Tuesday, July 16Every Day Is A Great Day For Hockey

Alexander Ovechkin: “I’m a ‘caveman’ because I don’t care what others think of me”

Alexander Ovechkin:

Alexander Ovechkin: “I’m a ‘caveman’ because I don’t care what others think of me” (Photo © The Canadian Press/Ryan Remiorz)

Alexander Ovechkin gave an interview to Anna Nasekina of Sovetskiy Sport in Montreal where his Capitals faced the Canadiens. Ovechkin talked about being a caveman, not caring about what others think of him, the Olympics, girls, and a lot of other funny stuff.

RussianHockeyFans.com offers you a translation.

Anna Nasekina is a member of Russian Olympic Synchronized Swimming Team and a reporter for Sovetskiy Sport at the same time. Last week she was in Montreal when Ovechkin’s Capitals came there to face the Canadiens.

Anna and Alexander met in a restaurant in the city centre. As soon as Anna entered the restaurant and approached Oveckhin he stood up and kissed her on a cheek. “Sanya”, said Oveckin. “Anya”, replied Anna.

Since the very first minute of their converstaion she felt as if she has known him for 10 years.

– What a great game it was yesterday.
– Yeah. Now go to hockey in Moscow and compare.

– I’ll sure do. But is it that much different?
– Like heaven and earth. NHL is the best league. Everyone dreams to play here.

– Do the Capitals have good chances at winning the Stanley Cup this year?
– Well, we are leading the league now. But there are like 70 games ahead of us.

– It must be very hard to play so many games?
– No, it’s good. You just have to not think about fatigue. Today we are in Montreal, tomorrow in Carolina and then again in Washington. It’s my life and I’m used to it.

– Does your team fly on it’s own plane?
– Yes. They make us wear suits. See, I’ve already put on mine (adjusts the tie). Every player got his own seat in the plane. I’ve got the second seat — the trump!

– You’ve got the second seat in the bus too?
– No. In the bus I sit in the third row from the right. And after the games I always take the back seat. They are giving out beer there.

– How do you like Washington?
– It’s a good, calm city.

– Do you visit Moscow often?
– I go there during my vacation. If we don’t make it to the playoffs the vacation lasts for five months. If we do — three. But usualy all players are injured so you spend the whole vacation trying to recover. Are you a Muscovite youself?

– Yes. And where do you live?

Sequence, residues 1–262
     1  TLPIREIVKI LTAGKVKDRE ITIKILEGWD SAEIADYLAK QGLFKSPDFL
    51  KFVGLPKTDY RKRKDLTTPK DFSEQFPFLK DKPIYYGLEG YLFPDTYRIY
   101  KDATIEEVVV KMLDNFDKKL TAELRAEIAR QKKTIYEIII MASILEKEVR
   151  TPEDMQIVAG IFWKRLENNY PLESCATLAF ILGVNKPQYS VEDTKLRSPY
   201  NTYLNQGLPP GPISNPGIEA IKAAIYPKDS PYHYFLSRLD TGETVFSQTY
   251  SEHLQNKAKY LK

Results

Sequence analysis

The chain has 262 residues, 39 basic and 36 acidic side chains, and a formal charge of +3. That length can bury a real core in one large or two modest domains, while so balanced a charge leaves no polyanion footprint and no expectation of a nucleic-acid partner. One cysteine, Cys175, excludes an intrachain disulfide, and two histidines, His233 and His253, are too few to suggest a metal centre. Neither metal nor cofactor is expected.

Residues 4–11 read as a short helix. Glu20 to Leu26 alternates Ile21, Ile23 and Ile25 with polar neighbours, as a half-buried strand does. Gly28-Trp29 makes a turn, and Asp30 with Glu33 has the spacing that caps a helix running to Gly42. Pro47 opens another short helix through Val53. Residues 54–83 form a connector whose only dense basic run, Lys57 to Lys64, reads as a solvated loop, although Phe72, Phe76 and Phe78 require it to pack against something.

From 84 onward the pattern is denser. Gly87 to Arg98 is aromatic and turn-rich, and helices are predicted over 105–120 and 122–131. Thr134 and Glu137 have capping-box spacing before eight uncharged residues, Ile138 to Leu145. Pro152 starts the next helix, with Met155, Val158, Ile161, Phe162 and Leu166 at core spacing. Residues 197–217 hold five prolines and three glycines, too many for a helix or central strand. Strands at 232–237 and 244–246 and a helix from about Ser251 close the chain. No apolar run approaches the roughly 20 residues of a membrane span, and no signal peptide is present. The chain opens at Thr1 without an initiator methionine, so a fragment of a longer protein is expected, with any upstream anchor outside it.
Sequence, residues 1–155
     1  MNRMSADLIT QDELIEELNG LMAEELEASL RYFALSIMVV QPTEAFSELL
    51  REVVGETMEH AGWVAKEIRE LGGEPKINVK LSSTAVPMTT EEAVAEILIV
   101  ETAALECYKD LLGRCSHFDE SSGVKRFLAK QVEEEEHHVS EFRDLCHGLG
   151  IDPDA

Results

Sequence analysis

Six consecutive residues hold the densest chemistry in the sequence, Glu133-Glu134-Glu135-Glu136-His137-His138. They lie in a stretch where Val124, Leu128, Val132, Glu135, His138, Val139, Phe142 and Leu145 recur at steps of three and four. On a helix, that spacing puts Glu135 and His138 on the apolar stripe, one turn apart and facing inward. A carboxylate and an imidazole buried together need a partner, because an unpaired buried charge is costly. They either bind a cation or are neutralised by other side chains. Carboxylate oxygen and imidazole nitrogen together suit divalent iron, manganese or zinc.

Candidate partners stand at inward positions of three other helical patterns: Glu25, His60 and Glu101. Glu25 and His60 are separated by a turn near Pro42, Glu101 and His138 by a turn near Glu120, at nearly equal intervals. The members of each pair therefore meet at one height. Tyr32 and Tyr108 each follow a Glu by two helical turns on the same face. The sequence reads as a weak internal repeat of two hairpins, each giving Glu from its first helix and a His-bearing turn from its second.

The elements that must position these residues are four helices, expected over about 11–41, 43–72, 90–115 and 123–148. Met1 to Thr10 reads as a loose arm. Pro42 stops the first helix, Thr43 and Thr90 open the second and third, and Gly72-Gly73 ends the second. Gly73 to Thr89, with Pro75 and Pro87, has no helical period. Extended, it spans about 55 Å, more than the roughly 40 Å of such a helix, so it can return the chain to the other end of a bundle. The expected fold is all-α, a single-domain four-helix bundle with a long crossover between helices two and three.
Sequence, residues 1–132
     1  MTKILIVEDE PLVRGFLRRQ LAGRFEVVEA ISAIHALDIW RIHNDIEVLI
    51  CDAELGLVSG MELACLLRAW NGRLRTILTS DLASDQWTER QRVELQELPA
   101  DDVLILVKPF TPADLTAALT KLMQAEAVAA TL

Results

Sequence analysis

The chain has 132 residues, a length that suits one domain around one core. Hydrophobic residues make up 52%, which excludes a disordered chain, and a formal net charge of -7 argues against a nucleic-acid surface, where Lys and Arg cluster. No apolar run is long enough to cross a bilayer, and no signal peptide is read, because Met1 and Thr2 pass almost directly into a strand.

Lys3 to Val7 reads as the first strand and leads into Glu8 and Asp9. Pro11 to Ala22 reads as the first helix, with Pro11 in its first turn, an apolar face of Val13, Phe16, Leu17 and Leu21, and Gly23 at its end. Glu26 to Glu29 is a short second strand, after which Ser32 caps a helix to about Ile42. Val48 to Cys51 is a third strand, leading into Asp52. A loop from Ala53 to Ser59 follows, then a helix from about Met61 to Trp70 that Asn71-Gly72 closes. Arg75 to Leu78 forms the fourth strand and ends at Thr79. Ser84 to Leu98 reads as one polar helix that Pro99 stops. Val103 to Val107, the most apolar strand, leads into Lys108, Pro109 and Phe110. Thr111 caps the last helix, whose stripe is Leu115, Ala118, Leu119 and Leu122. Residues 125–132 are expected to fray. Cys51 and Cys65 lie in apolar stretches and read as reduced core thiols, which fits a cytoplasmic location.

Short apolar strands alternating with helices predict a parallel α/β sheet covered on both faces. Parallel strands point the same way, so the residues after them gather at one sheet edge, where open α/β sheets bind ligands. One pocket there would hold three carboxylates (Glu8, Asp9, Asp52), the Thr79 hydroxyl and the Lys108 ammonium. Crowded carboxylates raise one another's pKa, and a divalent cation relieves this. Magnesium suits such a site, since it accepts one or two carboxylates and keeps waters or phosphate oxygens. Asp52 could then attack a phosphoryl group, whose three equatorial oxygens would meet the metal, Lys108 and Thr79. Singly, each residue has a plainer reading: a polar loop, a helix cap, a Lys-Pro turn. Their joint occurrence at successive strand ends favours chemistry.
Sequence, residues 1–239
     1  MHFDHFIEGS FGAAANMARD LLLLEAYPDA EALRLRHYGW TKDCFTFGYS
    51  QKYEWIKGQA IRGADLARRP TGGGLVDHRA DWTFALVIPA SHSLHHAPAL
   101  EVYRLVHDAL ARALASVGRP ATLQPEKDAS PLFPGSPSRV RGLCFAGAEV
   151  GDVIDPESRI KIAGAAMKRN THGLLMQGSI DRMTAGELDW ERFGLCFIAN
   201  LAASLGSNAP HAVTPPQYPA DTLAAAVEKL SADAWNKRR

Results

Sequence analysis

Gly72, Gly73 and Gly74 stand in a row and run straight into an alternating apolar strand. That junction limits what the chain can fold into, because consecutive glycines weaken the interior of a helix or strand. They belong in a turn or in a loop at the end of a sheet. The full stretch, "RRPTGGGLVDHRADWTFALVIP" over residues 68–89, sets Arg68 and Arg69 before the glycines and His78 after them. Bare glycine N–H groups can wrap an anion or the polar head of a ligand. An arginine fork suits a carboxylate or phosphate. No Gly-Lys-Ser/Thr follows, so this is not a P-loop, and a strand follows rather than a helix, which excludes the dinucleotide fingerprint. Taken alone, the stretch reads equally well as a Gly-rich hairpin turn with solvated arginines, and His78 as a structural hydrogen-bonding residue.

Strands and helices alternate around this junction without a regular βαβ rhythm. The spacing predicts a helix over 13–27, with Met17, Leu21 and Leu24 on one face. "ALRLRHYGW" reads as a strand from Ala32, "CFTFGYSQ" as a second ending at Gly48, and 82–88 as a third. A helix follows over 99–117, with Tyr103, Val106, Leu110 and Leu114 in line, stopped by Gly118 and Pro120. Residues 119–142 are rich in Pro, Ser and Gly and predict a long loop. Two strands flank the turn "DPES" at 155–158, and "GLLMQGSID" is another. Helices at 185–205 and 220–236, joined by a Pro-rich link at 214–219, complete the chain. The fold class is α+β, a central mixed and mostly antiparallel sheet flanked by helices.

– Vodniy Stadion, the greenest region in Moscow. When I’m at home I go out to the the balcony, take a sip of beer, stretch myself and go to sleep. Now this is Paradise! That’s how I relax.

A girl approaches Ovechkin for his autograph.

– There is no place in the world where they would leave you alone.
– Ah, come on! Sometimes I get recognized, sometimes not. It’s not hard for me to give an autograph or make a photo. And actually I’m pofigist (the one who doesn’t care). My popularity isn’t really important for me.

– So you don’t have the star syndrome?

– The star syndrome goes away the same way it comes.

– But it seems that the “caveman” reputation pleases you.
– I’m a “caveman” because I don’t care what others think of me. I don’t give a damn.

– If you didn’t give a damn you wouldn’t play the way you do.
– And maybe the only reason I do it is because I really don’t care.

– Do you want to say that the manly bristle, the gap in teeth and yellow laces aren’t part of your image?
– Wanna have some wine? (Ovechkin abruptly changes the topic and takes a sip of Californian Red)

– No, thanks. Does somebody work on your image in the NHL? There must be a lot of imagemakes.
– I’m an imagemaker for myself.

– Is fighting integral to hockey?
– I don’t fight, I hit. If I don’t hit them, they will hit me. You were in Beijing, right? (Ovechkin changes the topic once again)

– I was.
– Great, wasn’t it?

– You don’t say. That’s the best thing in my life.
– I was in Beijing when our women won a gold medal in fencing. Now I’m looking forward to Vancouver. World Championships can’t compare with the Olympics. We finished only 4th in Torino, this time we must fight harder.

– What’s more important for you, the Olympics or the Stanley Cup?
– Right now it’s the Olympics. I want to win the Olympics. Tell me, you are a synchronized swimmer, right? You must have great stretching.

– Of course I do.
– And I have a lack of flexibility, you know. I’m a forward, I have to be flexible to split the defencemen. Whenever I go to the gym I want to do some stretching but it never works out. Did I tell you my hands are small? I can’t even grip my own wrist. But, I can grip yours (takes Anna by her wrist).

– Oh, come on, you can hold the stick after all! (It’s Ann’s turn to change the topic now). The other day I saw your photo on a magazine cover. You look great!
– At least you liked me there (smiles without a hint of ambivalence).

– Oh, please, don’t tell me that girls don’t like you.
– I don’t care (indifferently again), I’m only 24. I still want to play the field. And you?

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